By John Celock
Oklahoma’s House minority leader has announced a bid to become the nation’s youngest governor.
House Minority Leader Scott Inman (D-Oklahoma City) announced Thursday that he is the second Democrat to enter the 2018 gubernatorial contest. Inman made the announcement in a video with his wife, Dessa, and their daughters. Gov. Mary Fallin (R) is term-limited.
“I am not a rich man and I don’t have a famous name,” Inman said. “I certainly haven’t been a rubber stamp for Mary Fallin.”
Inman and his wife used the brief video to outline a vision for the state that is different from the one led by the two term Fallin. Inman said that among his priorities is to “rebuild” schools, roads and health care in Oklahoma.
Inman, 38, was first elected to the state House of Representatives in 2006 and was elected minority leader in 2010, becoming the youngest person to lead a state legislative caucus in Oklahoma history.
If elected Inman would become the youngest governor in the nation, a title currently held by New Hampshire Gov. Chris Sununu (R). Inman though would be the fourth youngest governor in Oklahoma history. Democrat J. Howard Edmondson was 33 when he was elected in 1958, Democrat David Boren was 33 when he was elected in 1974 and Democrat Brad Henry was 39 when he was elected in 2002.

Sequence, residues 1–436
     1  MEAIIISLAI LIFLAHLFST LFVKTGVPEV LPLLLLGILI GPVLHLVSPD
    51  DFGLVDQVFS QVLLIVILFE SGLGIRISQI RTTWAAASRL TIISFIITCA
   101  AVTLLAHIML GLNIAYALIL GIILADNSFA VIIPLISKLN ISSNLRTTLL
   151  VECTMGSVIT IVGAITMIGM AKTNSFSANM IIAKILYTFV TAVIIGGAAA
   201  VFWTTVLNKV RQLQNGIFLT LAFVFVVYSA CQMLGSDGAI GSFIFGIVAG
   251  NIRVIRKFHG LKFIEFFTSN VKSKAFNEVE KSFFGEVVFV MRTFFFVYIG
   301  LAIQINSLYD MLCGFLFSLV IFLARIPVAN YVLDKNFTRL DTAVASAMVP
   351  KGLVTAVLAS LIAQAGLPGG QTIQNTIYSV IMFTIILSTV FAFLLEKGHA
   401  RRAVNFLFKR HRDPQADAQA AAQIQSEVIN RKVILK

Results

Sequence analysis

Inman joins former state Sen. Connie Johnson in the Democratic primary for governor. On the Republican side, Lt. Gov. Todd Lamb (R) and former U.S. Attorney Gary Richardson have both announced gubernatorial campaigns. U.S. Rep. Jim Bridenstine, state Treasurer Ken Miller and state Auditor Gary Jones are considered potential GOP gubernatorial candidates.
Inman is not the only gubernatorial candidate to distance themselves from Fallin. Lamb, who was elected twice independently of Fallin, announced earlier this year that he was stepping down from the post as state small business advocate in Fallin’s cabinet.
In the announcement video, Dessa Inman described Oklahoma under Fallin’s leadership as failing.
“Over the last few years our state’s leaders have let down our families and our neighbors,” Dessa Inman said. “To put it bluntly they’ve failed us and something has to change.”